In ‘73 Price appeared as himself in “Mooch Goes to Hollywood” a film written by Jim Backus. Price recorded dramatic readings of Edgar Allan Poe’s short stories and poems, collected readings by Basil Rathbone. Around 1975 Price reduced his film work but increased his narrative and voice work on ads for Milton Bradley’s “Shrunken Head Apple Sculpture.” Price’s voiceover is also heard on Alice Cooper’s 1975 debut solo album, “Welcome to My Nightmare,” and he also appeared in the corresponding TV special “Alice Cooper: The Nightmare.” For a year in the early 1970s Price starred in a syndicated daily radio program, “Tales of the Unexplained,” and made guest appearances in a 1970 episode of “Here’s Lucy” showcasing his art expertise. In the 1972 episode of ABC’s “The Brady Bunch,” he played a deranged archaeologist, and in ‘76 Price recorded a 45rpm single covering Bobby “Boris” Pickett’s, “The Monster Mash,” without much success. In 1976 Price also appeared as the featured guest in an episode of “The Muppet Show.”
Price performed a sinister monologue on the 1982 title track of Michael Jackson’s “Thriller” album. A longer version of his rap (without music,) along with some conversation can be heard on Jackson’s 2001 reissue, and on ‘08’s “Thriller 25.” albums. In 1983 Price appeared in the film “House of the Long Shadows” with Christopher Lee, Peter Cushing, and John Carradine. One of his last major roles, (and one of his favorites,) was as the voice of Professor Ratigan in ’86 “The Great Mouse Detective.” From 1981-89, Price hosted a TV series “Mystery!” In 1985 he provided voice to the Hanna-Barbera series “The 13 Ghosts of Scooby-Doo” as the mysterious Vincent Van Ghoul. A lifelong rollercoaster fan; Price narrated a 1987 thirty-minute documentary on the history of rollercoasters. From 1985–89 he appeared in horror-themed commercials for “Tilex.” Price appeared in Shelley Duvall’s ‘84 action series “Faerie Tale Theatre” as the Mirror in “Snow White and the Seven Dwarfs,” and the narrator for “The Boy Who Left Home to Find Out About the Shivers.” In ‘87, he starred with Bette Davis and Ann Sothern in “The Whales of August,” and was inducted into the St. Louis Walk of Fame in ‘89. His last significant film work was as the inventor in Tim Burton’s 1990 “Edward Scissorhands.”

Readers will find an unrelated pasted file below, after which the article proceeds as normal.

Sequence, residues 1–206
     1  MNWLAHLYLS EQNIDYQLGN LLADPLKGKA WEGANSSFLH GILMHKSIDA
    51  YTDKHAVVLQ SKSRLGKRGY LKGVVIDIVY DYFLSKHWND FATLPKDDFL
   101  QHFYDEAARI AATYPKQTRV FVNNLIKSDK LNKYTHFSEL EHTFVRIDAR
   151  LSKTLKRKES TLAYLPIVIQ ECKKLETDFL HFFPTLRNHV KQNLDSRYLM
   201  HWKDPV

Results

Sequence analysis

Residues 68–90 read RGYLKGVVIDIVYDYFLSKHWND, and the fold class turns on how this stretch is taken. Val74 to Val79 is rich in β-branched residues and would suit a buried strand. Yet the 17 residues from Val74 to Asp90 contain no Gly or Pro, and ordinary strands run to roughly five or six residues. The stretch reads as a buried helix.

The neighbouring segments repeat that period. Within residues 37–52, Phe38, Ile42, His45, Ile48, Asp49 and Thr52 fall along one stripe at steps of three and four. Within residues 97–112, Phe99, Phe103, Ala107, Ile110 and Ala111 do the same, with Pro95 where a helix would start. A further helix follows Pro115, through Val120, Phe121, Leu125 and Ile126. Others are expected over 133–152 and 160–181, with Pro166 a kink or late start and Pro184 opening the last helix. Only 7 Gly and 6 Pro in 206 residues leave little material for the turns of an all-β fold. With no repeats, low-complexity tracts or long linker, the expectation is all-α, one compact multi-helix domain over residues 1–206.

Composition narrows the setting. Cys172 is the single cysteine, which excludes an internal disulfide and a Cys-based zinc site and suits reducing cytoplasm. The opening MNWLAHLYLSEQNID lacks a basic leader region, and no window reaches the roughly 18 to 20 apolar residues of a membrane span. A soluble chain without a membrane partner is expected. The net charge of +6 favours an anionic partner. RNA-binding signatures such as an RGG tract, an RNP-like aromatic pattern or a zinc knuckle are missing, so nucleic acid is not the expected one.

A witty raconteur Price was a frequent guest on “The Tonight Show” with Johnny Carson, once demonstrating how to poach a fish in a dishwasher. As a gourmet he authored several cookbooks; notably “A Treasury of Great Recipes,” and hosted a TV show “Cooking Pricewise.”
Looking back: Vincent Price’s seven-decade career was not only memorable; he was multifaceted, regularly reinventing himself into numerous (not always typecast roles) and kept busy to his final days. That being said; wouldn’t this 7-inch-tall figurine make for a mysterious centerpiece and trivia-inducing statuette for your home? Details: The Vincent Price statue is limited to 1,500 “numbered” units, depicting the legendary star in a classic pose with a skeleton. It’s made of space-age poly-resin, and sculpted with terrifying precision. Cost is $29.95 plus S&H. It’s expected to sell-out and likely out-of- print quickly. Available at: www.aggronautix.com and in independent record stores, comic shops, tattoo parlors, etc. Distributed by: www.mvdb2b.com Pre-order now at www.vincentpricefigure.com
For nearly 17 years Bob Putignano has been pivotal at WFDU with his Sounds of Blue radio show (Wed. & Fri. 9am-1pm) www.SoundsofBlue.com – http://wfdu.fm Previously a contributing editor at Blues Revue, Blueswax, and Goldmine magazines, currently the Music Editor for the Yonkers Tribune & www.MakingAScene.org Bob was also the 2003 recipient of the “Keeping the Blues Alive” award (given by the Blues Foundation in Memphis) for his achievements in radio broadcasting. Putignano can be contacted at: BobP@SoundsofBlue.com